The Métis in Canada and the Metis in the United States adopted parts of their Indigenous and European cultures while creating customs and tradition of their own, as well as developing a common language.[13] Some argue that the ethnogenesis of the Métis began when the Métis organized politically at the Battle of Seven Oaks, while others argue that the ethnogenesis began prior to this politicized battle, before the Métis emigrated from the Great Lakes region to the Western plains.[14]

Métis people in Canada[edit]

History of Métis in Canada[edit]

The Métis Nation is considered to be rooted in what is known as the "Métis Homeland," an area ranging from northwestern Ontario and moving westward across the prairies. In this area, fur trappers married indigenous Cree and Saulteaux women. A distinct ethnicity developed, as mixed-race descendants married within this group and remained involved with fur trapping and trading. They also began to farm in the Red River of the North area.[15]

People of "mixed ancestry," although not of the Métis Nation, have a distinct history of their own. These unions began in the east, extending from the Atlantic coast to the Great Lakes. The fur trade and colonial development drew French voyageurs and coureurs des bois to the west, along with the later Hudson's Bay Company employees. Wintering partners of the fur trading companies typically took a wikt:country wife for their months away from the eastern cities.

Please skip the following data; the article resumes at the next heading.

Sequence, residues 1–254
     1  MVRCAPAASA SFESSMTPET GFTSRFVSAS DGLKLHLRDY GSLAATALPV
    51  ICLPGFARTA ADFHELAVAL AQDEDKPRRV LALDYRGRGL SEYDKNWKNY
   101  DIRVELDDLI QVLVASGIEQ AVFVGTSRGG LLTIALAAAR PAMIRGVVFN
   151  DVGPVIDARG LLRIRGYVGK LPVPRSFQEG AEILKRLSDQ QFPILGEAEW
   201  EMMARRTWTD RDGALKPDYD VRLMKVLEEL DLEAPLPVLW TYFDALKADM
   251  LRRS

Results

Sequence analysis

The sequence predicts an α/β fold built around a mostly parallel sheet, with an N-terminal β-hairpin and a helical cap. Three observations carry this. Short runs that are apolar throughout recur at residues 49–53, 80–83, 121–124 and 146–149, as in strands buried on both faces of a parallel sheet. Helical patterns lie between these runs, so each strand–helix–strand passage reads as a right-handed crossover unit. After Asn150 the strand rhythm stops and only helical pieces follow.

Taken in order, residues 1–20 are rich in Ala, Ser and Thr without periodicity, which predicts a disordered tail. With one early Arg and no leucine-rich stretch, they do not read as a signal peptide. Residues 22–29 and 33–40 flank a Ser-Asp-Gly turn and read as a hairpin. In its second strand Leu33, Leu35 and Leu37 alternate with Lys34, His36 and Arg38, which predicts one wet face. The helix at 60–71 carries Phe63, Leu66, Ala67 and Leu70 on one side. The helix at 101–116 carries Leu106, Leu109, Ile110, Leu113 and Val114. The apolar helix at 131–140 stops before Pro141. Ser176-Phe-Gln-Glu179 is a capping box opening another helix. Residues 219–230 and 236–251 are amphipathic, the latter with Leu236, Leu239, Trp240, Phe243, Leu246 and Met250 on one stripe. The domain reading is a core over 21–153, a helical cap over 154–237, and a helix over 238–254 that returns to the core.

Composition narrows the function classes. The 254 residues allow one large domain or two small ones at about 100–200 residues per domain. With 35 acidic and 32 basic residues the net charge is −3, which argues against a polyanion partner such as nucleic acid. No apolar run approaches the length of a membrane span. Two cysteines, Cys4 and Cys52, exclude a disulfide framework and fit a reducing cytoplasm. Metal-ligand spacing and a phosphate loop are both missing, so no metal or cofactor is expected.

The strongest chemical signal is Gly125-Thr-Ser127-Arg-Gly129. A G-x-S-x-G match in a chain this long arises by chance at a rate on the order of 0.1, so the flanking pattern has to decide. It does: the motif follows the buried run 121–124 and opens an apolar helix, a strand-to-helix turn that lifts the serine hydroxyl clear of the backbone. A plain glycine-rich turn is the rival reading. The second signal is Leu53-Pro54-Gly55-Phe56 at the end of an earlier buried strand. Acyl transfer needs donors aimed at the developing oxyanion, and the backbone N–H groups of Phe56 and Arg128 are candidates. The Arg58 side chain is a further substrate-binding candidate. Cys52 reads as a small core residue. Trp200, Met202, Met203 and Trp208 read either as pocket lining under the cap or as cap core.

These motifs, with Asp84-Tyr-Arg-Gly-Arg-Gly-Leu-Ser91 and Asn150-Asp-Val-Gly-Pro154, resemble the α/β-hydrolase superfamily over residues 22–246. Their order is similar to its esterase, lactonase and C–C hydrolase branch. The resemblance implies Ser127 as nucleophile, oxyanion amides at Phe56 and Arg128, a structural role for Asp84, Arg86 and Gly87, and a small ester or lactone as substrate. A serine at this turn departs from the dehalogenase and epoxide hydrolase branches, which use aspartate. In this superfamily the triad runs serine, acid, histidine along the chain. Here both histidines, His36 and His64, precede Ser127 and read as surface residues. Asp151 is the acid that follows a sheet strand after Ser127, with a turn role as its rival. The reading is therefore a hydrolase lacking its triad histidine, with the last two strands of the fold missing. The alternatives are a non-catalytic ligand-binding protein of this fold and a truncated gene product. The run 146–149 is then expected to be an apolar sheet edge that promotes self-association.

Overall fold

After the fall of New France to the British 1763, many mixed-race populations continued to establish themselves, often specializing in the fur trade and related hunting. Some served as interpreters, as they often were fluent in both indigenous and European languages. English and Scottish traders married indigenous women, often the daughters of high-ranking chiefs, forming an elite mixed society. As the eighteenth century ended, the fur trade moved westward into the Plains.

The Métis Nation promoted their distinct and unique Indigenous identity in 1812, when Cuthbert Grant led a battle in the Pemmican War, flying the Métis flag. Many treaties throughout Canada were being negotiated in the nineteenth century, including in Ontario with the Robinson–Huron treaty. In 1870 the Métis at Red River, led by Louis Riel, resisted Canada's efforts to take over this area from the Hudson's Bay Company. They negotiated entry into Canada as the province of Manitoba, with promises to protect their land and rights. In 1885, the Métis resisted Canadian colonialism with the North-West Rebellion. The Métis were defeated and Riel was hanged as a traitor to Canada, but his role in history is controversial.